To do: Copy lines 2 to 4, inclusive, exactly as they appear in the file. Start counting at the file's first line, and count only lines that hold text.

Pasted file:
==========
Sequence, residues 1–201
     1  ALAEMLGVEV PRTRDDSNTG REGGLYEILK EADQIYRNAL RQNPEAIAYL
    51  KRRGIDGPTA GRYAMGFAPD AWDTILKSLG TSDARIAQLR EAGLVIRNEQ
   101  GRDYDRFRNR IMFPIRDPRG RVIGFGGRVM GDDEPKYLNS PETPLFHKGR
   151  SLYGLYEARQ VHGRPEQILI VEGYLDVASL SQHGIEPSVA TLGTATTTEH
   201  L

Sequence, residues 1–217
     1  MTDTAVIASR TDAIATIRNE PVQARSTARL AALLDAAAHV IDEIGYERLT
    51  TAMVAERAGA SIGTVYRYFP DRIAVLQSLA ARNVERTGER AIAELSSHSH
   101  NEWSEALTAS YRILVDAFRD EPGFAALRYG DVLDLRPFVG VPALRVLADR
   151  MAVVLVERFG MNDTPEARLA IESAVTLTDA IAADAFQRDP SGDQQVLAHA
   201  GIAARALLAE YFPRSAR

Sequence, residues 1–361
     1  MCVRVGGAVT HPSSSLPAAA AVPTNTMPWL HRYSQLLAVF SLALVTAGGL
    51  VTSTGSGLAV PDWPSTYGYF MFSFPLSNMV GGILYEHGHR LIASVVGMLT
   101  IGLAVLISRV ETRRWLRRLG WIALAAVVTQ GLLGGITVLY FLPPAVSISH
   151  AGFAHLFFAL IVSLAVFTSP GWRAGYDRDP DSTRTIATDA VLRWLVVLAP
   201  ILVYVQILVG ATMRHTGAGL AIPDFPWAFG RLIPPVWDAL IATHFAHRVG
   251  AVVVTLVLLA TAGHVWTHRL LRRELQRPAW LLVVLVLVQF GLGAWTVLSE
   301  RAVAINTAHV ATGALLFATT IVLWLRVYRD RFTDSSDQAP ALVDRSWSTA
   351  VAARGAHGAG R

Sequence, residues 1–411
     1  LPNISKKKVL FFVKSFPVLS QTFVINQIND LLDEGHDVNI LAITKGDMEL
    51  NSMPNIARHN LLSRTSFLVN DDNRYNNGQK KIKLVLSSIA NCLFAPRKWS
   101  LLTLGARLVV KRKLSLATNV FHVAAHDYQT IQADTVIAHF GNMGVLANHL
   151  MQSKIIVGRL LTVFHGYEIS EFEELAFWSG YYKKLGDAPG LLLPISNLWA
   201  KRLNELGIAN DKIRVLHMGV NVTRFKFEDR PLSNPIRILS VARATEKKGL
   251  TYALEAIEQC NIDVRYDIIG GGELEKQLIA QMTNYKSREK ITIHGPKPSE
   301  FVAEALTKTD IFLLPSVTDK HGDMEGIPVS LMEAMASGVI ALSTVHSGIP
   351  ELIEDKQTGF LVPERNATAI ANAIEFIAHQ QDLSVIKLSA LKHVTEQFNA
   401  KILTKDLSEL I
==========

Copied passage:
     1  ALAEMLGVEV PRTRDDSNTG REGGLYEILK EADQIYRNAL RQNPEAIAYL
    51  KRRGIDGPTA GRYAMGFAPD AWDTILKSLG TSDARIAQLR EAGLVIRNEQ
   101  GRDYDRFRNR IMFPIRDPRG RVIGFGGRVM GDDEPKYLNS PETPLFHKGR